Pistachio Chilling Requirements – PGAI Updates (see below)
What are Chill requirements?
Fruit and nut trees that thrive in temperate or subtropical regions rely on cool winter temperatures to produce flowers after winter dormancy. The right amount of nature’s “winter chill” results in homogeneous and simultaneous flowering. When fruit and nut crops are grown outside their traditional growing regions, however, growers need additional information about the amount of chill required and that which is naturally available. To measure these critical conditions, researchers have developed “chilling models” that convert temperature records into a “coldness” metric. The models help growers select appropriate fruit and nut species and cultivars for the local climate and remediate unfavorable conditions through management practices. Though chilling models are useful, they are not completely accurate.
Scientists are studying chill requirements in hopes of advancing Australia’s emergent pistachio industry. Pistachio trees were first planted in southeastern Australia in the early 1980s; nut bearing began in the early 1990s, and full yield production was realized in the early 2000s. The region, classified as a “warm grassland” climate, often lacks the necessary winter chilling temperatures needed to produce consistent crops. To remediate these less-than-desirable conditions, growers can apply winter oil to trees—the oil application helps to promote even and timely budbreak. Timing is essential for this practice to be effective; growers in Australia must make the decision to apply oil before late August. Therefore, growers need a prediction of chill accumulation by mid-August to decide whether oil applications will be necessary.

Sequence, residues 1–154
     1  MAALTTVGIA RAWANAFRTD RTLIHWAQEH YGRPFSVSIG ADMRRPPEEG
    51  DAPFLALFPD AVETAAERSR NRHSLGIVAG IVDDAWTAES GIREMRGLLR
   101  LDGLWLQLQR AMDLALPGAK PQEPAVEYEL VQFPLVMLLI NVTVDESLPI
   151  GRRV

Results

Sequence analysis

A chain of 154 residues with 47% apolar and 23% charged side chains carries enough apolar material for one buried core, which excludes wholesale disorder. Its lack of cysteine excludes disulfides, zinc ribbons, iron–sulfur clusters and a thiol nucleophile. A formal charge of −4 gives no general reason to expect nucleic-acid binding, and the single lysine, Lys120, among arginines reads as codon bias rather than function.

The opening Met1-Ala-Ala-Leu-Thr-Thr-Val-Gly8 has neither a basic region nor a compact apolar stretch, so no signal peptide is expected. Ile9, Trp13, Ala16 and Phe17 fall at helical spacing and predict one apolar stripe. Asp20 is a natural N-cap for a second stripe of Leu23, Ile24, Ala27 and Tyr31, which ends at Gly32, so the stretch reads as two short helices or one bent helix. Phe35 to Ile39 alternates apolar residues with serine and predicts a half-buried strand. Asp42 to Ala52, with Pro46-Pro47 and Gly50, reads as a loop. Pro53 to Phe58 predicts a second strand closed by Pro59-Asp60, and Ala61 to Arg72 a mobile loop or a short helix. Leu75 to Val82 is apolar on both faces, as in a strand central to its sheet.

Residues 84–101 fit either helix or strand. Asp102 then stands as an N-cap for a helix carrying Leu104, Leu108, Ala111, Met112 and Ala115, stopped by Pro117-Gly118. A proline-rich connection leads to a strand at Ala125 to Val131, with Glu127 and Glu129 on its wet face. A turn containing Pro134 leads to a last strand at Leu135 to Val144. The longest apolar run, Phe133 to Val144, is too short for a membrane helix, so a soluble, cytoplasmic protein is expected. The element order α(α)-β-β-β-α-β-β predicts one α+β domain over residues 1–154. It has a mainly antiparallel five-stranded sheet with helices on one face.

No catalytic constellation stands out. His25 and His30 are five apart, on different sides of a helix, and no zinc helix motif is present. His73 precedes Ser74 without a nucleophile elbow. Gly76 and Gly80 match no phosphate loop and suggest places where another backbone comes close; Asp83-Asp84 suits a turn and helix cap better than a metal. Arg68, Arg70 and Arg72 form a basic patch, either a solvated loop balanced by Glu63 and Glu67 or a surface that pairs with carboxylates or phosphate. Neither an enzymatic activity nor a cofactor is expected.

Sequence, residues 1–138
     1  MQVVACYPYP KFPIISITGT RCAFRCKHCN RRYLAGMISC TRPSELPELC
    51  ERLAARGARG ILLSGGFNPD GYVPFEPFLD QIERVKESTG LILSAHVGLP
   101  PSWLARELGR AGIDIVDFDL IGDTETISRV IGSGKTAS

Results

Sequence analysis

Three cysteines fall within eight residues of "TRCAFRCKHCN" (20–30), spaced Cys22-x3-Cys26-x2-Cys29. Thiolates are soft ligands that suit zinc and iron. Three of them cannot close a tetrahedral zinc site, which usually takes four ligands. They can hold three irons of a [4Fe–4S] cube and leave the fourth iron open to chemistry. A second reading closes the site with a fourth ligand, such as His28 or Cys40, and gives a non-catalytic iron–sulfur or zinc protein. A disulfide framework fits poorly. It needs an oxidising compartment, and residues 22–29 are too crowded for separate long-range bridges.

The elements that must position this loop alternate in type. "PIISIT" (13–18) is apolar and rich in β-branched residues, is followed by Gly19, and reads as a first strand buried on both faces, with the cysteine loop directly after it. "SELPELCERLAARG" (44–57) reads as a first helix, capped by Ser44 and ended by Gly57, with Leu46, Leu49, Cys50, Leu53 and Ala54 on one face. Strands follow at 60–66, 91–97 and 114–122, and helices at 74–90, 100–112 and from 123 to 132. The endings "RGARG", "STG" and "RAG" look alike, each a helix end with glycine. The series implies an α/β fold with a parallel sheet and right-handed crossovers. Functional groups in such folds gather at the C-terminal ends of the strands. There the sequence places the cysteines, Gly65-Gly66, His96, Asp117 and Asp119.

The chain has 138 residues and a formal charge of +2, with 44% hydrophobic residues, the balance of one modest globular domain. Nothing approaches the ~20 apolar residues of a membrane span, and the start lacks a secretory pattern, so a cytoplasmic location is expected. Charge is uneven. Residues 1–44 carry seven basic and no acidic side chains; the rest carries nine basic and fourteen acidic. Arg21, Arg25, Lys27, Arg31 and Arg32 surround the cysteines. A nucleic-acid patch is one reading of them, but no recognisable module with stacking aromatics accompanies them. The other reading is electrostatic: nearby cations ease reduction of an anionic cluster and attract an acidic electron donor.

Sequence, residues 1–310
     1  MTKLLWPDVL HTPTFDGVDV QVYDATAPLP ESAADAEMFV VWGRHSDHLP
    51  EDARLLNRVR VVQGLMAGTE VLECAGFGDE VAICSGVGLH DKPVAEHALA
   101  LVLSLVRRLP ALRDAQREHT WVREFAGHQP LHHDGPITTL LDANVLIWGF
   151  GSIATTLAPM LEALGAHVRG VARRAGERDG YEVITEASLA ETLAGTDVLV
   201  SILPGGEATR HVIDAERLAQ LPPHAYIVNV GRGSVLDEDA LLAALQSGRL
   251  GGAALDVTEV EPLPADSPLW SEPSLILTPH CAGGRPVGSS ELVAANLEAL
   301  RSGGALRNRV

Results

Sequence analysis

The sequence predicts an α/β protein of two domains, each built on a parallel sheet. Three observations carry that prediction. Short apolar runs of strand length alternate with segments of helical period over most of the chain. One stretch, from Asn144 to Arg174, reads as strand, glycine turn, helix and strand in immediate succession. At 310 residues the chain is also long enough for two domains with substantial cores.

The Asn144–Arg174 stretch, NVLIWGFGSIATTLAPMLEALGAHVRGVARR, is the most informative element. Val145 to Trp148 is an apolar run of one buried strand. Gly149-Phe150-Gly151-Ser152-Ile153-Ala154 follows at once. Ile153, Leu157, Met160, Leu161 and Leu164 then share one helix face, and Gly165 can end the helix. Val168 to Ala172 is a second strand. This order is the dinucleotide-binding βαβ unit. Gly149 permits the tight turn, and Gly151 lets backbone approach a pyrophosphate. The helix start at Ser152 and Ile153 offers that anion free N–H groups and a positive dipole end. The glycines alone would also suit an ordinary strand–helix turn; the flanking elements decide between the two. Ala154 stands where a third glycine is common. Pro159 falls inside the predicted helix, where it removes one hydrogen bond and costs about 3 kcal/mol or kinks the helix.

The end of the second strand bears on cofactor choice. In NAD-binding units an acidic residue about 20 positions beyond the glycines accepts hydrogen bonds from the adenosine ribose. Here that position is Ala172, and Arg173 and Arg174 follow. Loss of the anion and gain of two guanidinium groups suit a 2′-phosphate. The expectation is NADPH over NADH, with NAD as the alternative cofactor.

“The pistachio industry in Australia requires a reliable model to determine the accumulation of chill to assist in orchard management decisions,” said Jianlu Zhang of Australia’s Pistachio Growers’ Association. Zhang and colleague Cathy Taylor from Victoria’s Department of Primary Industries, Australia, designed a research study to compare chilling models. “Currently used models treat the effect of hourly temperatures on chilling accumulation, in mathematical terms, as a time-homogeneous stationery process. In other words, they assume that 2 hours at the same temperature recorded at different times in a long-term observation contribute equally to the breaking of dormancy,” explained Zhang and Taylor, whose study of chilling models was published in HortScience.
Zhang and Taylor evaluated three chill models using greenhouse work, historical data analysis, and field validation. The Chilling Hour, Utah, and Dynamic Models were studied to determine chilling requirement for ‘Sirora’ pistachio trees in southeastern Australia. The researchers tested and compared the models’ ability to calculate chill accumulation and to predict the necessity for winter oil application after mild winters.